Ansys CTO Prith Banerjee got the discussion going by describing the real-world benefits of scaling up in the cloud to meet the compute-intensive demands of chip design workloads. Ansys, said Banerjee, leverages high-performance computing (HPC) to render incredibly complex simulations that enable semiconductor companies to accurately analyze electrical and thermal interactions for billions of instances on monolithic SoCs and multi-die systems.
As Banerjee pointed out, chip design simulation workloads typically require massive amounts of parallel processing power provided by GPU clusters and large shared memory pools. Accessing this infrastructure in the cloud—and on demand—allows customers to pay only for the resources they need on a per project basis. Moreover, cloud vendors continuously upgrade their hardware with the latest GPUs and CPUs, purpose-built AI accelerators, and newest memories.
Dermot O’Driscoll, vice president of product solutions at Arm, expressed similar sentiments, noting that designing and verifying new chips requires a huge amount of compute power. The cloud, said O’Driscoll, offers Arm a viable alternative to obtaining this compute capacity while reducing its global data center footprint. According to O’Driscoll, over 50% of Arm’s EDA workloads now take place in the cloud, allowing engineers to scale up and efficiently run hundreds of thousands of concurrent jobs.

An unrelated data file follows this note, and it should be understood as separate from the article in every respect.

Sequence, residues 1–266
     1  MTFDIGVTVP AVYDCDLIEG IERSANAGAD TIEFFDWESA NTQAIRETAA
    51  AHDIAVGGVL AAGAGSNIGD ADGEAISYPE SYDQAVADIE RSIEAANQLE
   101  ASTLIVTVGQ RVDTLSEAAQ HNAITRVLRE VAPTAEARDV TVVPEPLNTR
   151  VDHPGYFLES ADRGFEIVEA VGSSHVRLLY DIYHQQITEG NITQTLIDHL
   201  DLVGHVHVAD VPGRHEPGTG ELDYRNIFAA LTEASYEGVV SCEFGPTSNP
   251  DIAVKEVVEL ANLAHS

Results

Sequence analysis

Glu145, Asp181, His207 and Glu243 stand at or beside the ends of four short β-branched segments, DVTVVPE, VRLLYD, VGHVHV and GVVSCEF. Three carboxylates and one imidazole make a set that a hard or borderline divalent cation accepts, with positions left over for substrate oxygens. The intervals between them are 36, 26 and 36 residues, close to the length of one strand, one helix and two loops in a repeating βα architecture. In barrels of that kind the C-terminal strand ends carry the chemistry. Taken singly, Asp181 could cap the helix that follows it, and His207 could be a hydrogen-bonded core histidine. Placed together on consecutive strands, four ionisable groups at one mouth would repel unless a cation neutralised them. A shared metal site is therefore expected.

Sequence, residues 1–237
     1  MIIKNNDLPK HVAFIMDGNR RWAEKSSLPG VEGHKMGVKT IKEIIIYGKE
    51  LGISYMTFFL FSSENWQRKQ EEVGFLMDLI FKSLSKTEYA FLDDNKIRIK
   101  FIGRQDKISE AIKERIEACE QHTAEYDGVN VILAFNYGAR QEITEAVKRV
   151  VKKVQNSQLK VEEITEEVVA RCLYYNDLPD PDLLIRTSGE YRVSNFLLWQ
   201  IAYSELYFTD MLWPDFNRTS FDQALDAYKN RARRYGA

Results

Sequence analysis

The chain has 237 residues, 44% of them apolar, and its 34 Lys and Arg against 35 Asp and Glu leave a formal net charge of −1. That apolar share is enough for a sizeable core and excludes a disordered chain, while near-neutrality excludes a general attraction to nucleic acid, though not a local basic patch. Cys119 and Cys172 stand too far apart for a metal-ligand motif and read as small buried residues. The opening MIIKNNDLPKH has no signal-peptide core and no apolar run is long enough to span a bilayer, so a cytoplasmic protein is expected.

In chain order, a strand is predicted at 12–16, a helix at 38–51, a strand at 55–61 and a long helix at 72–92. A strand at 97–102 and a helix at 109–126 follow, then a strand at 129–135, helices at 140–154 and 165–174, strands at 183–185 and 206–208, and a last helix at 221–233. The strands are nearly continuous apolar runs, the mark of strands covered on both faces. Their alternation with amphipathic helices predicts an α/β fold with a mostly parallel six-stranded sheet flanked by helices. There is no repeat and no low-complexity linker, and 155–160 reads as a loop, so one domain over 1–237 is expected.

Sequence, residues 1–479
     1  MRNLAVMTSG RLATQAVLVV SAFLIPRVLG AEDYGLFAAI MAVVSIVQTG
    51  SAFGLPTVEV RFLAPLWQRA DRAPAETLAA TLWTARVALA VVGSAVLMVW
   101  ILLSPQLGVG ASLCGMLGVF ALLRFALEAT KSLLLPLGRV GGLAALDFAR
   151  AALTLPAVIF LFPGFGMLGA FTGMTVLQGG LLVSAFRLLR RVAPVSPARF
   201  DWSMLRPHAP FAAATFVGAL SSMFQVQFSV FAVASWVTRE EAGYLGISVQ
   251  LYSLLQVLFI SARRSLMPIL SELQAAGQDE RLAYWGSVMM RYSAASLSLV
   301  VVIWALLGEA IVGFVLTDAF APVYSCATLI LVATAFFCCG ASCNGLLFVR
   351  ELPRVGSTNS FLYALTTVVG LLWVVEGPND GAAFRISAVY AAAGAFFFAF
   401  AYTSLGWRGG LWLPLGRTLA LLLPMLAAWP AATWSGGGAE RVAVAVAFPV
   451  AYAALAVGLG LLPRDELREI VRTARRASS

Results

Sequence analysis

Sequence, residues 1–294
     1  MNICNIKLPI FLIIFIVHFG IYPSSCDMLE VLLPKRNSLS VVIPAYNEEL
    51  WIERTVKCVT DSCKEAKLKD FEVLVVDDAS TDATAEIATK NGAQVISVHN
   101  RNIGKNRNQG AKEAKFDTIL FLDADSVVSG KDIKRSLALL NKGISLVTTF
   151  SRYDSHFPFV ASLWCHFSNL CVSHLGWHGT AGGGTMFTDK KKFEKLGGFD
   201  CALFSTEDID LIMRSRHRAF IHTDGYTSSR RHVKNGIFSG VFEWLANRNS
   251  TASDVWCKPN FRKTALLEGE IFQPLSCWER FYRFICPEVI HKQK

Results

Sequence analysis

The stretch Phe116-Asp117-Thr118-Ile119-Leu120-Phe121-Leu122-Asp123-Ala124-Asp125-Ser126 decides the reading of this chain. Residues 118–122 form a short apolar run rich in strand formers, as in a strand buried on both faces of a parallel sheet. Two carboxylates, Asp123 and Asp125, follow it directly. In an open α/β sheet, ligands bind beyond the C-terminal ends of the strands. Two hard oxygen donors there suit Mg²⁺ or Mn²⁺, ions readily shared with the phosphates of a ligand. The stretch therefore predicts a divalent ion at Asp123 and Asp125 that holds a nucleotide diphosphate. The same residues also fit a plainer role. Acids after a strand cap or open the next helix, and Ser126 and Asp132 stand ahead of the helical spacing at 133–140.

However, O’Driscoll emphasized more cycles isn’t always better, even if they are readily available in the cloud. O’Driscoll said he sees AI-driven EDA tools enabling semiconductor companies to further streamline chip design workflows by intelligently analyzing and managing processes in real time. O’Driscoll adds EDA vendors are already doing a “fantastic job” of optimizing cloud-based chip design with sophisticated ML models that help semiconductor companies PPA targets faster.